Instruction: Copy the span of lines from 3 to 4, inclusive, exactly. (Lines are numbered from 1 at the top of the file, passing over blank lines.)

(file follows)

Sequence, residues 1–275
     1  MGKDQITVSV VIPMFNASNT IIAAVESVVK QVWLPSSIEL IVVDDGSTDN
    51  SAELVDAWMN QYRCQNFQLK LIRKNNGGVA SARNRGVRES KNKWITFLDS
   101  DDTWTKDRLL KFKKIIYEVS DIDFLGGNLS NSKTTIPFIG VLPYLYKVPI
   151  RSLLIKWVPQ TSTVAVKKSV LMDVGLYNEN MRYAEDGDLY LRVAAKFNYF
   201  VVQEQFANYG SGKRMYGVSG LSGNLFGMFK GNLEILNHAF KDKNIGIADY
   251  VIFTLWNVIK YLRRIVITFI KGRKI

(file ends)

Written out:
    51  SAELVDAWMN QYRCQNFQLK LIRKNNGGVA SARNRGVRES KNKWITFLDS
   101  DDTWTKDRLL KFKKIIYEVS DIDFLGGNLS NSKTTIPFIG VLPYLYKVPI